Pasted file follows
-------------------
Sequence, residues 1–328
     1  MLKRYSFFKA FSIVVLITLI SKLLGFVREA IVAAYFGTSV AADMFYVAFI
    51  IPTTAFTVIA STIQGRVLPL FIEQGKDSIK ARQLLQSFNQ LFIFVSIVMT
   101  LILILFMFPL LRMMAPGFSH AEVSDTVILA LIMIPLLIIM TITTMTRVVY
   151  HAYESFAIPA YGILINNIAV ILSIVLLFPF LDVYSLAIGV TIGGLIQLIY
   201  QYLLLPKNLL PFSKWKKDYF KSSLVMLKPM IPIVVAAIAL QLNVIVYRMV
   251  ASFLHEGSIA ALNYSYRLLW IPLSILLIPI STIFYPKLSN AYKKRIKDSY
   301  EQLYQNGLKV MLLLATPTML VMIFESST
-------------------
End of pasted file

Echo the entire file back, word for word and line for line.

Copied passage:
Sequence, residues 1–328
     1  MLKRYSFFKA FSIVVLITLI SKLLGFVREA IVAAYFGTSV AADMFYVAFI
    51  IPTTAFTVIA STIQGRVLPL FIEQGKDSIK ARQLLQSFNQ LFIFVSIVMT
   101  LILILFMFPL LRMMAPGFSH AEVSDTVILA LIMIPLLIIM TITTMTRVVY
   151  HAYESFAIPA YGILINNIAV ILSIVLLFPF LDVYSLAIGV TIGGLIQLIY
   201  QYLLLPKNLL PFSKWKKDYF KSSLVMLKPM IPIVVAAIAL QLNVIVYRMV
   251  ASFLHEGSIA ALNYSYRLLW IPLSILLIPI STIFYPKLSN AYKKRIKDSY
   301  EQLYQNGLKV MLLLATPTML VMIFESST